Leadership Lessons from Being Sick

Last week the Covid bug finally got me. It came on sudden and took me OUT of commission for FIVE solid days.

For a few days I had chills, had a fever, was achey all over. Then I was congested and SUPER tired. I had enough energy to warm up some food, take my vitamins, and go back to watching a show before passing out for a couple hours. But after 5 days of being down for the count and 3 more recuperating, I officially tested negative. I am grateful to have beat Covid's ass.

Did having Covid suck? Yes. Was it the sickest I'd ever been? No.

Was having Covid scary? ONLY IF I LET IT.

With all the fear and uncertainty that comes with a massive outbreak -- the psychosis-inducing news coverage, the ticker of deaths, the endless dire warnings -- it can be easy to let your mind wonder to worse case scenarios -- I had asthma as a kid, what if my lungs can't take it? -- What if I don't realize how bad it is till it's too late?

What if? WHAT if? WHAT IF?!

But I took those thoughts captive as soon as they entered my mind.

I knew the spiral of negative thoughts could do FAR more harm than good. Becoming hyper-fearful induces a stress response, which increases my adrenal response, quickens my heart rate, and makes my breathing more shallow (which is the opposite of what you want your breathing to be when fighting an infection that attacks the lungs).

The asthma thought entered my mind Saturday morning. I had a brief spike of worry jolt across my heart, but I immediately knew it was a lie.

And I knew how to handle it...

With any fear, you HAVE ask the fear questions -- is this true? what evidence to the contrary is there?

Here were the facts:

So clearly the veracity of the FEAR was on SHAKY GROUND.

There was also immediate answers to my fear -- I could breathe massive diaphragmatic breaths in through my nose, hold it for 6 seconds, exhale as much and as hard as I could, hold NO oxygen for at least 6 seconds, before inhaling again.

The fear of the worse case scenario could be dismissed, but I just had to take a step back, not get wrapped up in the fear, analyze the evidence, and pursue the proper course of action (not panic, keep recovering).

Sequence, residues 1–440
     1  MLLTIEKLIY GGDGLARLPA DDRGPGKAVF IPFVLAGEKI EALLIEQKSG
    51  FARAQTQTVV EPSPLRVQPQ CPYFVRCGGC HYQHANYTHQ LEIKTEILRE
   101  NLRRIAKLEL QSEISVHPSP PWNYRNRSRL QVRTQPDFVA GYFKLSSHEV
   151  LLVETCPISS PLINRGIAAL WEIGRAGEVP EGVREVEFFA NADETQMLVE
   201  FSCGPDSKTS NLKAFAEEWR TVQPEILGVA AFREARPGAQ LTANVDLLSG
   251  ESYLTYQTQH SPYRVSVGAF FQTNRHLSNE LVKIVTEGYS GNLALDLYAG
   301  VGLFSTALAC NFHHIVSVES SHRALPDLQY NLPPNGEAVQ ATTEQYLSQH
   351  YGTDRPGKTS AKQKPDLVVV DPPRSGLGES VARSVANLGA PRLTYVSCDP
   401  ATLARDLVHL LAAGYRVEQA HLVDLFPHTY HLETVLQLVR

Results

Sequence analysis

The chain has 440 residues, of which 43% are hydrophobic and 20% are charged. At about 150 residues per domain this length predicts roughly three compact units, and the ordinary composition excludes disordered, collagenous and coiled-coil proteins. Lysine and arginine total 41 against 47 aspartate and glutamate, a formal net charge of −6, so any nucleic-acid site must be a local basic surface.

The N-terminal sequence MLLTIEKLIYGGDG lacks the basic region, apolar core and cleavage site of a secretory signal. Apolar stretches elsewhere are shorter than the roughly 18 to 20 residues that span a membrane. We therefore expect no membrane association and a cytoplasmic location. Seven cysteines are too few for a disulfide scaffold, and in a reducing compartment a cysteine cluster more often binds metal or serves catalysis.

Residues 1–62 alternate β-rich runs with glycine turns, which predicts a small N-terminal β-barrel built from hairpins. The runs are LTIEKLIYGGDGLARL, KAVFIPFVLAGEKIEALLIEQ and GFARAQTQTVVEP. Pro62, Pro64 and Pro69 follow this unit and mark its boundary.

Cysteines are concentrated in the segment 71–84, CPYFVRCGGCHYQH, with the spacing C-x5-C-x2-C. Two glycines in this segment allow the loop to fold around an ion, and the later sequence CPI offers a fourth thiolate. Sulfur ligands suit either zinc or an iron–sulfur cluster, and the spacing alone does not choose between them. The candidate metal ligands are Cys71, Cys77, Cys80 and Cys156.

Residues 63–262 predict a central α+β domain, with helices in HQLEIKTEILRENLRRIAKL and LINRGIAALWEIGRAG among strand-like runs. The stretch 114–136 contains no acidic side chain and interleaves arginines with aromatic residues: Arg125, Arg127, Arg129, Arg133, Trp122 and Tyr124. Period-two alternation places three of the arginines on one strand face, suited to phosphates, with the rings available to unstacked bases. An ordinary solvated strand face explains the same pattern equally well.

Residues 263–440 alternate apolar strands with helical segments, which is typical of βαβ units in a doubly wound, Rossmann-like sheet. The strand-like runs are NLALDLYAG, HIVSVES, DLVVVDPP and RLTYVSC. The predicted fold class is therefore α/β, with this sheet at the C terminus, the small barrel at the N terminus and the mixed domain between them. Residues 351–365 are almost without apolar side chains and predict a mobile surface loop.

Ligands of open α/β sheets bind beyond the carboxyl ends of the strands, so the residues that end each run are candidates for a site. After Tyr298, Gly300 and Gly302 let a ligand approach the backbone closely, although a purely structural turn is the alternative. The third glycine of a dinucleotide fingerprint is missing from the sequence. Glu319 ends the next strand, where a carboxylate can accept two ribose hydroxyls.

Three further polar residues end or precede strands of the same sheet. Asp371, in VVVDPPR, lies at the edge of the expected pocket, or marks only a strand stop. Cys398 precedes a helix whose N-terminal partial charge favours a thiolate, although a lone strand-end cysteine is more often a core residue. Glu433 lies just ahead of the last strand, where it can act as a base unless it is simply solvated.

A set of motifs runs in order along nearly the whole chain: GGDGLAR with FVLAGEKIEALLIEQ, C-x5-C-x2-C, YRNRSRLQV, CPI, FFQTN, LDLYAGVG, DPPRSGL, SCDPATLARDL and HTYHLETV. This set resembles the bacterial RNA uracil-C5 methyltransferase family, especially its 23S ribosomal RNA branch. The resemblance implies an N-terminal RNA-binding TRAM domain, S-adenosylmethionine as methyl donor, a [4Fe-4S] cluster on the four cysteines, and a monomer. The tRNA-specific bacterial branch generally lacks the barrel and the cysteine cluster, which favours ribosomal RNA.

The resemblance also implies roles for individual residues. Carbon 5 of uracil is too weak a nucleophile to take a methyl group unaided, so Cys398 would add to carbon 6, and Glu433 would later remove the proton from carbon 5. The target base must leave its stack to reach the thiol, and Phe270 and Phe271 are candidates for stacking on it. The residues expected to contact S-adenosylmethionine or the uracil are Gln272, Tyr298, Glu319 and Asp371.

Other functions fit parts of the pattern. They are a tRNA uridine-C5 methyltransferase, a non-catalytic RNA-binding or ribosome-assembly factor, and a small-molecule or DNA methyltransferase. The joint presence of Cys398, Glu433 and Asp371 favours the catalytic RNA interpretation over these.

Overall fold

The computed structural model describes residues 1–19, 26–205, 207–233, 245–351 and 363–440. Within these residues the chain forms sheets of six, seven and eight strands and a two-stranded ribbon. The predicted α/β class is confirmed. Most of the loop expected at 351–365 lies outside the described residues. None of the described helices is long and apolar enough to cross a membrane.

This is a crucial skill and I encourage you to put it in to practice.

Next time fear tries to bind you down, look it in the eyes and ask it questions.

Here are some common fears

Fear of rejection -- If I say what I really want, then everyone will leave me. If I reach out to that crush, she'll reject me. If I tell my friends I struggle with an addiction, they'll abandon me.

Fear of failure -- If I start this project, it'll just end up as a bust. If I give it my all, I'll just be disappointed when it doesn't work out.

Fear of judgment -- I won't say anything, I don't want to rock the boat and have everyone be mad at me. If I say the wrong thing, people will think I'm an idiot -- I'll just stay quiet.

Will those things really happen? Ask yourself: will your friends abandon you for admitting a struggle? will your family be upset with you for pursuing your dream? do you really want to be friends with people who cause problems? will COVID kill you because you had asthma as a kid?

Ask those questions, its crucial. Stay calm, analyze the evidence, and pursue a course of action that leads to success.

It's what good leaders do -- field commanders, corporate executives, moms and dads, and yes, YOU as you lead yourself in your life.


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